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Kindergarten students at five Boston public schools will be set up with college savings accounts under a pilot program detailed by the city Wednesday.
The Children's Savings Account (CSA) program is designed to give families a jump-start on saving for higher education, and to foster a "college-going culture" among more of Boston's youngest students.
"Every child, regardless of income, race, and gender deserves to make their dream of post-secondary education and college come true," said Trinh Nguyen, director of the city's Office of Workforce Development, in a statement. "The CSA is a powerful tool to align community partners, parents, teachers and students' to work towards building this culture."
WBUR first reported about the forthcoming pilot program in April 2015. Wednesday's announcement reveals the five schools selected for the program, and confirms a start date of fall 2016 for the three-year pilot.
The five schools are:
Families at these schools will receive a seed deposit in their accounts of at least $50. The families can then add to the accounts themselves, and students will have opportunities to earn incentives.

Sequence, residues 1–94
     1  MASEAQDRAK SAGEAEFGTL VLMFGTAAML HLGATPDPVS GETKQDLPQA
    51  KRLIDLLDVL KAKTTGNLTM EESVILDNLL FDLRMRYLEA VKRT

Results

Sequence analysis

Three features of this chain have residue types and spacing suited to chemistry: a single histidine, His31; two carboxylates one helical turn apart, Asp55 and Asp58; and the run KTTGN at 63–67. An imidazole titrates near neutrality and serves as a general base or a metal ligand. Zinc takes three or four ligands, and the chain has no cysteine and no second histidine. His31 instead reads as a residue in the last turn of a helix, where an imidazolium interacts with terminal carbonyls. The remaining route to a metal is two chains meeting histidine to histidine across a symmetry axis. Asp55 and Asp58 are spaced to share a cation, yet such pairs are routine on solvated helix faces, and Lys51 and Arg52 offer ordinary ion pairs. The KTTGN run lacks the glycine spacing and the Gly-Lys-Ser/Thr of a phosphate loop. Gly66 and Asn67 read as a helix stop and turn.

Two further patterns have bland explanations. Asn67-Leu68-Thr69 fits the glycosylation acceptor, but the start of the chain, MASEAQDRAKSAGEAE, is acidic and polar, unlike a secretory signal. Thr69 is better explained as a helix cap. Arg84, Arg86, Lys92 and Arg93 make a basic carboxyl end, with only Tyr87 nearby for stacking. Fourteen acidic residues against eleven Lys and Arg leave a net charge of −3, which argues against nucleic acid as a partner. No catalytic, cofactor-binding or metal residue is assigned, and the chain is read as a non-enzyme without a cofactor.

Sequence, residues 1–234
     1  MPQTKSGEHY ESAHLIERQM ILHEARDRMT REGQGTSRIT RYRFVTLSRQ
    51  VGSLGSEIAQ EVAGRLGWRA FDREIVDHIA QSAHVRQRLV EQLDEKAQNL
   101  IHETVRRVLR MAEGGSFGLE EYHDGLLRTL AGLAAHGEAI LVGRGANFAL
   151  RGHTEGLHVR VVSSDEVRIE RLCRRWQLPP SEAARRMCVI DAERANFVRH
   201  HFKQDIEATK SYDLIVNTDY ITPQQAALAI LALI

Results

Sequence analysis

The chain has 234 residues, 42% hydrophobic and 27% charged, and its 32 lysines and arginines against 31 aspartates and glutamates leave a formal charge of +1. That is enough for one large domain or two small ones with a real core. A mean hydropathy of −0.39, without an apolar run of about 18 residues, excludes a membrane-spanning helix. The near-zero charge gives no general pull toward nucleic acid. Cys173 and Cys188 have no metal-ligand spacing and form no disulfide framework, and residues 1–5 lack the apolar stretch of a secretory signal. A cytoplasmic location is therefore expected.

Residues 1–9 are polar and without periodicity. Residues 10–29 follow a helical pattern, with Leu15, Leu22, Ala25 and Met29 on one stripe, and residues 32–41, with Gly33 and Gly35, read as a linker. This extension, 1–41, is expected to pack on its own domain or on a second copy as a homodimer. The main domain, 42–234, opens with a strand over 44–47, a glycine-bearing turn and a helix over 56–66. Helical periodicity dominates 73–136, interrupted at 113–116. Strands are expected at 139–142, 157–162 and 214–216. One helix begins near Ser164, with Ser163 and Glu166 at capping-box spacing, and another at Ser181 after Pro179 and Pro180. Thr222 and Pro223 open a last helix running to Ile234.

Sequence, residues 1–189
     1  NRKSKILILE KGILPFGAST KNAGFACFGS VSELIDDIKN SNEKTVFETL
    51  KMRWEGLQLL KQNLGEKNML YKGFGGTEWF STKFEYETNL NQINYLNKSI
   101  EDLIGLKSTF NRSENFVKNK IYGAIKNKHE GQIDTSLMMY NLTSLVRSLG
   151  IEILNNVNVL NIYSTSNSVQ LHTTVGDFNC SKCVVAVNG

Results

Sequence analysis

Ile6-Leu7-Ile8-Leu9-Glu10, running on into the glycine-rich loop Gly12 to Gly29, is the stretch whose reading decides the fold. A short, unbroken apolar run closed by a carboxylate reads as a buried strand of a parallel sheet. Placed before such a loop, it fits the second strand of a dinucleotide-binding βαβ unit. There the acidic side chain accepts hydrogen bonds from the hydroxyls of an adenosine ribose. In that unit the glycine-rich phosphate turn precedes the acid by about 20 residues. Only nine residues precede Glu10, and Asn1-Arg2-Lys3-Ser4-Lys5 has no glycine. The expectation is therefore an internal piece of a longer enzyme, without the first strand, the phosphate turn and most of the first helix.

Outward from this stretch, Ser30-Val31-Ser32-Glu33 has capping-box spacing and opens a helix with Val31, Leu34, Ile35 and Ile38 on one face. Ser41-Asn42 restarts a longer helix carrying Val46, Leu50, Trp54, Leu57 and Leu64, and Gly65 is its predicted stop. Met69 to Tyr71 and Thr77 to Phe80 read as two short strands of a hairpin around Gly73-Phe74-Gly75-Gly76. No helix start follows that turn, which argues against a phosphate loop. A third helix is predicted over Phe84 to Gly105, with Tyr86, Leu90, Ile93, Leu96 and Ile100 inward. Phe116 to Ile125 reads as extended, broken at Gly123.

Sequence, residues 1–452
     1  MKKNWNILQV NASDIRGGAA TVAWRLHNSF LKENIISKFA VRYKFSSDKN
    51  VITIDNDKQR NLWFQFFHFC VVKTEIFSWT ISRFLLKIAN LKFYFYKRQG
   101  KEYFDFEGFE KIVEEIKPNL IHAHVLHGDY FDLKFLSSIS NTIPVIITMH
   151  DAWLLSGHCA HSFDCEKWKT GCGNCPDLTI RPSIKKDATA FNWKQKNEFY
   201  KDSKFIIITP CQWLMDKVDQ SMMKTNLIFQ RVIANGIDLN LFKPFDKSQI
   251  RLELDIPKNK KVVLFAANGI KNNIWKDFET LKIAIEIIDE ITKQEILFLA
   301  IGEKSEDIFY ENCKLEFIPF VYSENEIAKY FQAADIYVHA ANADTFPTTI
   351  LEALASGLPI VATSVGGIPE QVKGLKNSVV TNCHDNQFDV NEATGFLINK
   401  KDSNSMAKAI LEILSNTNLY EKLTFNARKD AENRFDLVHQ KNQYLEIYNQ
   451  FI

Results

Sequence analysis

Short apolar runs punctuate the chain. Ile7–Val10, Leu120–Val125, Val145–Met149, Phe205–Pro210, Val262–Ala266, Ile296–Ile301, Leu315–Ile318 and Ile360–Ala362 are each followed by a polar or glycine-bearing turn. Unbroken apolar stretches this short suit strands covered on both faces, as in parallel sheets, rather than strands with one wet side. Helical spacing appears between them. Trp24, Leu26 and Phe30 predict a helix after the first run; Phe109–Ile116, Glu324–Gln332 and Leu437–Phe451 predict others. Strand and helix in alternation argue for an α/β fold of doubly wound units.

While the incentives were not detailed Wednesday, Nguyen had offered WBUR some examples last year, such as another $50 if the student maintains a certain grade point average, or attends a SAT prep class.
The pilot is supported by various private foundations, the city said.
Following the three-year pilot program, the Walsh administration hopes to roll out the accounts to all Boston kindergarten students in fall 2019.
In its statement, the city cites past research that found that low-income children with $500 or less in a savings account dedicated for higher education are three times more likely to enroll in college.